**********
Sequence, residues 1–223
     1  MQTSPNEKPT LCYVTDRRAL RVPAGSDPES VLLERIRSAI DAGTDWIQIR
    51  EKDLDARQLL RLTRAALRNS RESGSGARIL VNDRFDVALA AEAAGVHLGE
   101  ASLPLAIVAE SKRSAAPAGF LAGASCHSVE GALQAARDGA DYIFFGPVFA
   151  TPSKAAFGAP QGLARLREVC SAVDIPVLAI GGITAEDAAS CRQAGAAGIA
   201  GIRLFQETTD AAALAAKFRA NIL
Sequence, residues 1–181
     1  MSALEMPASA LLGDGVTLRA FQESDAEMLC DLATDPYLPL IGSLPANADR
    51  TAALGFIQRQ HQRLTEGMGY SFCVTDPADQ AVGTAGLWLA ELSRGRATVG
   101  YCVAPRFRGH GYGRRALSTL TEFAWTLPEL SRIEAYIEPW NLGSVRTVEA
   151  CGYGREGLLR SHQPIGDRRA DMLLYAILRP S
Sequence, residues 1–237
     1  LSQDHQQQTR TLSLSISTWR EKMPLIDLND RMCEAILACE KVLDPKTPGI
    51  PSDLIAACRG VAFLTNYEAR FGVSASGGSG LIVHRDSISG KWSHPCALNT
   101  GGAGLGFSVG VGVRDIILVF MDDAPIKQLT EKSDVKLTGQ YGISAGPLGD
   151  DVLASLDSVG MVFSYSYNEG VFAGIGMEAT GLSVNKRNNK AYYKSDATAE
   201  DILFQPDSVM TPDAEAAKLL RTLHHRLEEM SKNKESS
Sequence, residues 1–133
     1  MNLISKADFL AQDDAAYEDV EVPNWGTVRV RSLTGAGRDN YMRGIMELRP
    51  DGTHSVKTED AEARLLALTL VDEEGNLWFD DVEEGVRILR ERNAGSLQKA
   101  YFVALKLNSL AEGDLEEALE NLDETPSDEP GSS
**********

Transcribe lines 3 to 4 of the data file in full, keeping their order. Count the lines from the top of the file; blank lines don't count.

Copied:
    51  EKDLDARQLL RLTRAALRNS RESGSGARIL VNDRFDVALA AEAAGVHLGE
   101  ASLPLAIVAE SKRSAAPAGF LAGASCHSVE GALQAARDGA DYIFFGPVFA